1. Regenexx Team Post author

      Carol,

      Skipping the surgery and getting your back and knees treated with your own stem cells and platelets would likely be the ideal solution. Two important issues to consider are steroid shots escalate the situation and Diabetes is associated with chronic pain after knee replacement. Please see: http://www.regenexx.com/steroid-injection-risks/ and http://www.regenexx.com/blog/diabetes-linked-to-persistent-pain-after-joint-replacement/

  2. PRY

    It is an interesting text BUT it doesn’t say HOW the back pain influences the hip/ knee replacement. What is the link between the 2?

    1. Regenexx Team Post author

      PRY,
      There are nerves in the low back that literally operate your legs and feet, to the extent that if you have a particular knee or foot problem we know to check out L4, or L5, or S1, etc. Removing the knee joint doesn’t change the fact that the low back nerve signals going to operate the now artificial knee, are still not working properly.

  3. Mr P.T.Nicolaou

    I am awaiting surgery for a posterior thorn lateral ligament in the right knee. I had the left knee operated upon 21/2 years ago which took away the pain, but feels weak. I am concerned with the future, and at the age of 58, of osteoarthritis. I understand that your clinics are not based in London, England or are there?

    I would appreciate your prospective and your results in this area.

    Kind regards
    Mr Nicolaou

    1. Regenexx Team Post author

      Mr. Nicolaou,
      Would love to say that your symptoms were very unusual, however, your concerns have basis. Traditional ligament surgery generally involves “replacing” the ligament, which is never as strong as the original and changes the biomechanics of the knee often leading to arthritis. So the best option is to treat the torn ligament in place with image guided injections of your own platelets and or stem cells. Here is some additional info about treating the knee ligaments: http://www.regenexx.com/blog/knee-acl-stem-cell/ http://www.regenexx.com/blog/what-terrible-triad-an-acl-injury-thats-really-an-lcl/ http://www.regenexx.com/helping-acl-stem-cells-requires-direct-injection-ligament/ http://www.regenexx.com/blog/mri-follow-up-of-an-acl-tear-treated-with-stem-cells/ Unfortunately, we don’t yet have Regenexx Providers in the UK or Europe. Here is the list of providers in the USA, Australia and India: http://www.regenexx.com/find-a-physician/ Please let us know if we can be of assistance.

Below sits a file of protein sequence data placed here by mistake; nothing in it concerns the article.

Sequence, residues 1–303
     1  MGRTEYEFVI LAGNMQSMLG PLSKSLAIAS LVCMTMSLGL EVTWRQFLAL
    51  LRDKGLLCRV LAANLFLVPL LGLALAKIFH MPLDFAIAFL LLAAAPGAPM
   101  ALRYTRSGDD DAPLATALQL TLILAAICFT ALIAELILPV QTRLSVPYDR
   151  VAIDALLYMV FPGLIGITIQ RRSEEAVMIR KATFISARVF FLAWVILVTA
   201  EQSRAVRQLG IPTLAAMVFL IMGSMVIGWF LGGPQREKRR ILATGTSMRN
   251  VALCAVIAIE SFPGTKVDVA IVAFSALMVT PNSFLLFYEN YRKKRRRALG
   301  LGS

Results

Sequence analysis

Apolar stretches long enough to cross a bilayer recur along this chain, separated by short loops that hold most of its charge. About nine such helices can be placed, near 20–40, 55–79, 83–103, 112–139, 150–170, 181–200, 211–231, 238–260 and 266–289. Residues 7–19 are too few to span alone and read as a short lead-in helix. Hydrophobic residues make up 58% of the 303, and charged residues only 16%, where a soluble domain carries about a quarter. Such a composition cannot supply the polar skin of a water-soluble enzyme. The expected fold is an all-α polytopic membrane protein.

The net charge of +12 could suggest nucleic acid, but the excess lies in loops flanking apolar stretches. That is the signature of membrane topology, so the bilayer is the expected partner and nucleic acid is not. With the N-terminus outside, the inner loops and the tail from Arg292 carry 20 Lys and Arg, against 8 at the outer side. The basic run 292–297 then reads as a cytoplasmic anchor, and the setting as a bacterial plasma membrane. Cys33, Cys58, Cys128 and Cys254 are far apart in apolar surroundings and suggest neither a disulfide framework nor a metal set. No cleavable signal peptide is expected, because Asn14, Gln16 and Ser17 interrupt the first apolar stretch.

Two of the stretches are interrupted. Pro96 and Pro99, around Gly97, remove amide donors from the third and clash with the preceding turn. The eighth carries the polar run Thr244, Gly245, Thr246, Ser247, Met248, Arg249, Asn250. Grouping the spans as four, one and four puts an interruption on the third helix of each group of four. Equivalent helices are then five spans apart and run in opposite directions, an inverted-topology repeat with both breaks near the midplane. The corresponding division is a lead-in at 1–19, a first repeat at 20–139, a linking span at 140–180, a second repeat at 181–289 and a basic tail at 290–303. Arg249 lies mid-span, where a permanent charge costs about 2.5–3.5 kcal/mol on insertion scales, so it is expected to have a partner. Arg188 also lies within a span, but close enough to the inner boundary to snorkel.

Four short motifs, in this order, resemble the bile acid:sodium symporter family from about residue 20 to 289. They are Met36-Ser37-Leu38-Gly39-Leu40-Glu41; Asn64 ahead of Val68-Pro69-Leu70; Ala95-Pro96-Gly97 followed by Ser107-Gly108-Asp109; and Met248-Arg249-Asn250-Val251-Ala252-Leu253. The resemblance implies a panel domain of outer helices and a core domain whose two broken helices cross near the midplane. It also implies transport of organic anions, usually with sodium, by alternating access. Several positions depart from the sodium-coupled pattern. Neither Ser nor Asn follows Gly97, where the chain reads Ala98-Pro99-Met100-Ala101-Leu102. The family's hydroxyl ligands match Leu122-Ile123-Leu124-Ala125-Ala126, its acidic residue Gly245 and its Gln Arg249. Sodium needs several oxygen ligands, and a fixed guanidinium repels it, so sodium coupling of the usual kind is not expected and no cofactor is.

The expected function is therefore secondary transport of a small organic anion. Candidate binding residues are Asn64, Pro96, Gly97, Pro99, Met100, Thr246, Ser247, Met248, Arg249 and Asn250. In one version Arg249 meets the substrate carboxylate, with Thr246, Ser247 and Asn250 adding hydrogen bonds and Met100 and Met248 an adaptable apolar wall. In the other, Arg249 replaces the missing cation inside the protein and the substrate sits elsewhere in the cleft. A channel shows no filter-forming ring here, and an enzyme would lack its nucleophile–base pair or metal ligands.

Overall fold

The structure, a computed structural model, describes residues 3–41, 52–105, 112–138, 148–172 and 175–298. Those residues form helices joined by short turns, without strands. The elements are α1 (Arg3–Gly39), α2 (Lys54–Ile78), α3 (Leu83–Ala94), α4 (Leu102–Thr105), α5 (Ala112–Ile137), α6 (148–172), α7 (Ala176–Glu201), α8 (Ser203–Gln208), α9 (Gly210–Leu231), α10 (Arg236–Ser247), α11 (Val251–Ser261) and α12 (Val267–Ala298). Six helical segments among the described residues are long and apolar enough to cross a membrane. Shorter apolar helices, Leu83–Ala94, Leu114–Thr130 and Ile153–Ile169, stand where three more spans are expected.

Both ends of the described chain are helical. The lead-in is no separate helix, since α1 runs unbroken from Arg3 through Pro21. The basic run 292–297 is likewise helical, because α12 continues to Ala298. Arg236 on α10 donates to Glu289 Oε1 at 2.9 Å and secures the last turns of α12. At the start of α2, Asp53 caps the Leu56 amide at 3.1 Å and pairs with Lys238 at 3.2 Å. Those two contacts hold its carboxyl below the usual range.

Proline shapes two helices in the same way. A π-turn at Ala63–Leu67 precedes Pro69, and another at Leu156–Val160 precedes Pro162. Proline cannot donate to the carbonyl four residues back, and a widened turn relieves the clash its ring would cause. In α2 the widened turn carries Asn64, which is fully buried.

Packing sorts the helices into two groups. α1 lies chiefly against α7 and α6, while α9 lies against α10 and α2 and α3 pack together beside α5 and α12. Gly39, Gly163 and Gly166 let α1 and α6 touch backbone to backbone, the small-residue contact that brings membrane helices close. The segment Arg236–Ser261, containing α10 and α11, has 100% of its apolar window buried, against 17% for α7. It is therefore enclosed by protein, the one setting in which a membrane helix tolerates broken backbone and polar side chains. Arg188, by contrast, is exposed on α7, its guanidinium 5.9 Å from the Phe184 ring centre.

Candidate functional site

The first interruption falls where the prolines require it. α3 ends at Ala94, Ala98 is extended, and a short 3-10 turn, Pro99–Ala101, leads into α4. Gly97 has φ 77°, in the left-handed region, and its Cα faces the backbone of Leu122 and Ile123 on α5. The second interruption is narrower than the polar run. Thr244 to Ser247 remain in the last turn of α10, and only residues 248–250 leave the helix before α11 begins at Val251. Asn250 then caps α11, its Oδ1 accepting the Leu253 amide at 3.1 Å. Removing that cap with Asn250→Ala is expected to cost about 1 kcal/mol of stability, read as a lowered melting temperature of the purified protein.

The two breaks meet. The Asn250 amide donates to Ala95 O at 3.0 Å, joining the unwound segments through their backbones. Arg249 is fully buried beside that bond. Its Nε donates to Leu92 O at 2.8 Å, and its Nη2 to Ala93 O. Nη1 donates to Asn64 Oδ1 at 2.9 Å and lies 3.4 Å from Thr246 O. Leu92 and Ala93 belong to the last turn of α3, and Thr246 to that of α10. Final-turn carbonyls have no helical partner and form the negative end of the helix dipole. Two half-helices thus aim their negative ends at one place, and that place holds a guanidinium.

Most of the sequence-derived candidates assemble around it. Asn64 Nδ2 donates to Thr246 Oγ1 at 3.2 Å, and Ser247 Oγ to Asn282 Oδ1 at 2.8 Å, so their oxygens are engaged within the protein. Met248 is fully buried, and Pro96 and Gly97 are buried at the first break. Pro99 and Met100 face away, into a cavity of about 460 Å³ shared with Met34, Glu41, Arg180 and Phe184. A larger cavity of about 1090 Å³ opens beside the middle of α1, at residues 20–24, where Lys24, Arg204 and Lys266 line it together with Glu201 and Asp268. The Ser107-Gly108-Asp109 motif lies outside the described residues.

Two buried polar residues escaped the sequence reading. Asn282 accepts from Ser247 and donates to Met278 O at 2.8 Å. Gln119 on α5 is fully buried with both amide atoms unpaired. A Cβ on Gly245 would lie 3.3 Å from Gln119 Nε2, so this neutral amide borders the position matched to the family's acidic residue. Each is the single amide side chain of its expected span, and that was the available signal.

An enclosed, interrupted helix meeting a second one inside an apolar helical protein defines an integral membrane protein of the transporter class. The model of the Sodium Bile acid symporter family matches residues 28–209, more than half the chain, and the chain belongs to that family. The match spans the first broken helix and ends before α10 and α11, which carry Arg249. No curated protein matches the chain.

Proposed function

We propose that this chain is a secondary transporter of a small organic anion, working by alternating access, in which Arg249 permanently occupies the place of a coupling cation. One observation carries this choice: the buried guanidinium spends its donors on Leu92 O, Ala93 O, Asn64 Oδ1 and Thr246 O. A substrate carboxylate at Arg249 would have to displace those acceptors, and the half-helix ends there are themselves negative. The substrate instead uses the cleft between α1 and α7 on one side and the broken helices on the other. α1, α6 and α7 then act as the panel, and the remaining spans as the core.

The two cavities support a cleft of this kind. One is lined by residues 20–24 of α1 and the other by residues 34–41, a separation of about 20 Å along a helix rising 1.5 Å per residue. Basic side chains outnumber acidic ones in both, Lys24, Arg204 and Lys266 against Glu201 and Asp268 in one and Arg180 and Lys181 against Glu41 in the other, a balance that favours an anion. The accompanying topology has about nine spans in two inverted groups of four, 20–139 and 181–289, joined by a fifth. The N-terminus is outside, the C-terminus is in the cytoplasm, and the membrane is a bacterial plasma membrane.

4. ann g williams

    thankyou for the info. I had Knee replacement 1 1/2 yrs. ago. the orthopod treated me very badly after the surgery never did I think that would happen I am going to see a pain md next week OH YES, I have had back issues for years. told ortho that and she said no problem !!!!!!

    1. Regenexx Team Post author

      Ann,

      Believe it or not, sadly, she probably didn’t know!

  5. Rob

    I just had total knee replacement three weeks ago and I have been active daily and doing PT at home. Things are going well but my lower back is very tight and stiff and sore. I do some stretching and core strength building exercises to make it feel better but it’s still not great or back to normal. I know it’s only been 3 weeks but anyone else similar?

    1. Regenexx Team Post author

      Rob,
      Was your low back thoroughly examined or was a low back injection tried to make sure it did not resolve your knee pain before surgery?

  6. elizabeth wade

    I had my 2nd knee replacement-6 weeks ago. I have had lower back pain, especially since I am weaning myself from pain meds now. I had to do Physical Therapy after my 1st knee replacement (5 years ago). It looks like that’s where I’m headed again. My current Physical Therapist for my recent replacement has said this is a very common complaint. I have worse back pain now than knee pain 🙁 Let’s share information.

  7. Flora

    I have degenerative disc disease; how can stem cell replacement help?

    Flora

    1. Regenexx Team Post author

      Flora,
      To treat degenerative Disc Disease, we generally inject the ligaments and facet joints with platelet procedures rather than the disc itself, because it is more effective. Please see: https://regenexx.com/blog/how-to-read-a-low-back-mri-report/